Direct care Floor nurses have to have access to anything that affects the patients they are caring for. Nurses may be most vulnerable to social hacking. Lack of familiarity with basic information security Numbers of people in and around their work areas as a matter of course. They dont necessarily expect to be able to identify everyone in and around where they work.
Special cases Emergency department & operating room personnel see large numbers of patients for relatively short periods of time, so they are exposed to all sorts of PHI all the time. Infection control often needs access to virtually every patient, while at the same time having to disclose information to outside agencies.
Satellite units need specialized information. Chemical dependency, outpatient psychiatric, and reproductive health clinics will need to have specialized training that relates to their areas of practice. These will often be the areas where psychotherapy notes will be an issue.
Social Services Social workers tend to be involved in facets of care that many dont recognize. They routinely disclose information as a part of abuse or neglect investigations, or guardianship hearings. All of these require accounting in accordance with the Privacy Rule.
High level access means high level training. Health Information Management, Patient Accounting, Financial Accounting and Information Services personnel need more in-depth training on more parts of the Privacy Rule than any other group. Often, not only will these groups need to be able to do their own jobs, but also be able to explain to other personnel how and why things need to be done.
Doctors dont need every chart! Physicians in small hospitals are going to be suffering through a culture shift. Instead of having access to every chart on every unit, they will be limited to only the patients their group is seeing. They have to remember that having access to every chart means that every other doctor in a facility will have access to their daughters pregnancy test, their wifes mammogram, or their colonoscopy. There have to be mechanisms to allow them emergency access to charts when they need them, without compromising overall information security.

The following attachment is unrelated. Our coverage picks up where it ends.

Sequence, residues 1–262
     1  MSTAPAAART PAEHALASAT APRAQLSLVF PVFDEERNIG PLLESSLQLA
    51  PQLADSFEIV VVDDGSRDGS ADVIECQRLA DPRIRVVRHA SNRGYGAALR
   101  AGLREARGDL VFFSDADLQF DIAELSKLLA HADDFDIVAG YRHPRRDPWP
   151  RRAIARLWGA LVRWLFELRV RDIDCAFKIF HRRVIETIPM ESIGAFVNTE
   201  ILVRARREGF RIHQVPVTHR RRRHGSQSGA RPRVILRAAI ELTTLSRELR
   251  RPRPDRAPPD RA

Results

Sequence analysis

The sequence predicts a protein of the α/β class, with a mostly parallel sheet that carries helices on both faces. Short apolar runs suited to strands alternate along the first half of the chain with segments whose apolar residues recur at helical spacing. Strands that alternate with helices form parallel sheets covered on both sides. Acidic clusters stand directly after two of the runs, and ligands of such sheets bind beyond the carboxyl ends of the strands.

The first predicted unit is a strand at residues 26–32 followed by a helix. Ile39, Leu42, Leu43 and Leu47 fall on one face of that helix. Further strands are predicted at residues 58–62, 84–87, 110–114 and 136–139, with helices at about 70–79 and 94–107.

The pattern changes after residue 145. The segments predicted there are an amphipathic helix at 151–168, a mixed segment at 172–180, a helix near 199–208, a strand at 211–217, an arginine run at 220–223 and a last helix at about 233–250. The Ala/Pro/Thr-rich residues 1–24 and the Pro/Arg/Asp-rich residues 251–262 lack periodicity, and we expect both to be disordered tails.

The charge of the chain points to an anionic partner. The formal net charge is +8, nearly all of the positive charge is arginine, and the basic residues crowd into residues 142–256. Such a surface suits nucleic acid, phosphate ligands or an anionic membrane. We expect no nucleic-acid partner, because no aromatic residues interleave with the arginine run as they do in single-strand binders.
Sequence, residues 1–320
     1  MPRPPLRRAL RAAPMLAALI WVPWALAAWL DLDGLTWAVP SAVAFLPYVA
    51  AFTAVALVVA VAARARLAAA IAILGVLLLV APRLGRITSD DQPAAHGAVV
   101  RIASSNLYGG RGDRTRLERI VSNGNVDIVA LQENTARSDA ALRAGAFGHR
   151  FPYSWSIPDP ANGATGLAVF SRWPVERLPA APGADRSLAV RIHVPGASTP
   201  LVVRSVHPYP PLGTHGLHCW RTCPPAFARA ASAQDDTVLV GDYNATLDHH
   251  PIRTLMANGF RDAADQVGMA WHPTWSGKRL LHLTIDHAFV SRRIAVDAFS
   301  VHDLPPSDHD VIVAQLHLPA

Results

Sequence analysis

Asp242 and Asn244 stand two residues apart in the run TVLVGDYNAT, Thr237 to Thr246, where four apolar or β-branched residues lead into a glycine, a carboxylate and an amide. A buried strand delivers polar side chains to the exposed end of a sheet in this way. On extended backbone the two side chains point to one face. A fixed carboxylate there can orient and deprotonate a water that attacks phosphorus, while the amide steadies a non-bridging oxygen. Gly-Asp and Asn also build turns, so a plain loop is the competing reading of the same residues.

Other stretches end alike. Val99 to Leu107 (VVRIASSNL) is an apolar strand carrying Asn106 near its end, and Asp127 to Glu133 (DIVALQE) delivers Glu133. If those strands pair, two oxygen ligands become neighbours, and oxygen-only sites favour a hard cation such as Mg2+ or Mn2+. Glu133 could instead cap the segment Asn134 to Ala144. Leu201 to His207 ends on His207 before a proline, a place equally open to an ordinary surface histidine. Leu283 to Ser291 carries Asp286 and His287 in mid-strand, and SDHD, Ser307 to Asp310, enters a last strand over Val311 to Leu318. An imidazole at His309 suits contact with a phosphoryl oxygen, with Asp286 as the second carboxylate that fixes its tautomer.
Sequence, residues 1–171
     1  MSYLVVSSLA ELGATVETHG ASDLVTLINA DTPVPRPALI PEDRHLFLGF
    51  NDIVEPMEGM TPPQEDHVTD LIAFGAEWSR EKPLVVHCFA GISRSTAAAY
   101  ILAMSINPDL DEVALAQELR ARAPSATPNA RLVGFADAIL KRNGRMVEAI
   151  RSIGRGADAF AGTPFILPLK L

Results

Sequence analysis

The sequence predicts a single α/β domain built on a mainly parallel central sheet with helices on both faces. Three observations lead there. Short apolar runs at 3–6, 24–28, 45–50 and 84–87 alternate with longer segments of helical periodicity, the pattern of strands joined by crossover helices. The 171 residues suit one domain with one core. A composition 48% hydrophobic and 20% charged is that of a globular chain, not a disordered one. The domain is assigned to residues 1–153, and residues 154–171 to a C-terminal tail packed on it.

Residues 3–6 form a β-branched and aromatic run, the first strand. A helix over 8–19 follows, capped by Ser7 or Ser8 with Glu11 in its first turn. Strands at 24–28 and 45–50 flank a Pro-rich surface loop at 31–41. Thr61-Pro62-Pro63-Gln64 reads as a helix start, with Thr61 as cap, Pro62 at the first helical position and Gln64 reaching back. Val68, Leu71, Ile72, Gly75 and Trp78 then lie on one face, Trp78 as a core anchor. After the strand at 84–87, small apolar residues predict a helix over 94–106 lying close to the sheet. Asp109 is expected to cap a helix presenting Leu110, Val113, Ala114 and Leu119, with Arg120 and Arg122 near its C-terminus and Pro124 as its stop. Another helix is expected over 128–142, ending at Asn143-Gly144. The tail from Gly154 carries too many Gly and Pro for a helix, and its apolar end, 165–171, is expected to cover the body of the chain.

Volunteers are a part of the workforce, too. Volunteers may not need large amounts of training, but there are often large numbers that need to be trained. Volunteers dont just mean those within the four walls of the hospital. Home health & hospice agencies have volunteers to train, too.
The future workforce? Any students will need job-specific training. Job shadowers will need to have to basic confidentiality training.
The higher level Hospital administration often has a need for high levels of access, yet they may not need patient specific information. Finding a balance will be a constant struggle.
Beyond the hospital walls Community education will be a factor in acceptance of new rules. Community leaders can help with explanations of what we are changing and why. HIPAA will give new rights to the patient, but it will also mean changing how much information the public has access to about that patient.
Why does it have to work? No one wants to end up as the lead story on the local news. Even worse, no one wants to have a visit from the Office of Civil Rights because a patient did not feel they could complain to the CE that they had a problem with.
What does all this mean? HIPAA is about changing the way healthcare does business. Changing the way we do business requires changing how people thing about the information they generate & use. Without a shifting of attitudes, that change wont happen.
An example from our training… As you are working in or around the Emergency Department, you see a department director being treated. Walking down the hall, you see one of her family members and say Hey, I just saw your sister? Is this a HIPAA violation?
Thanks for listening to me today! Are there any questions?